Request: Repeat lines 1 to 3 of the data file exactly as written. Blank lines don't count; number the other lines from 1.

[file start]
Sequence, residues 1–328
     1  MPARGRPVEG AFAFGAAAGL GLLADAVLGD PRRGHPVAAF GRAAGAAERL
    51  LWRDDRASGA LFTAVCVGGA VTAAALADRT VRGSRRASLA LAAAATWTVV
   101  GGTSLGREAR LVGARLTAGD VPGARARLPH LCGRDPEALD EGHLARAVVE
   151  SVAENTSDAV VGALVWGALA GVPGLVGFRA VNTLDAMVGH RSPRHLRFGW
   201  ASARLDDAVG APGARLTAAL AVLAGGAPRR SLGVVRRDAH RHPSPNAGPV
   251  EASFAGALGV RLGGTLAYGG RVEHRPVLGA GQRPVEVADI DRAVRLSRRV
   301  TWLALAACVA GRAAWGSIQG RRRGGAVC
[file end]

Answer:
Sequence, residues 1–328
     1  MPARGRPVEG AFAFGAAAGL GLLADAVLGD PRRGHPVAAF GRAAGAAERL
    51  LWRDDRASGA LFTAVCVGGA VTAAALADRT VRGSRRASLA LAAAATWTVV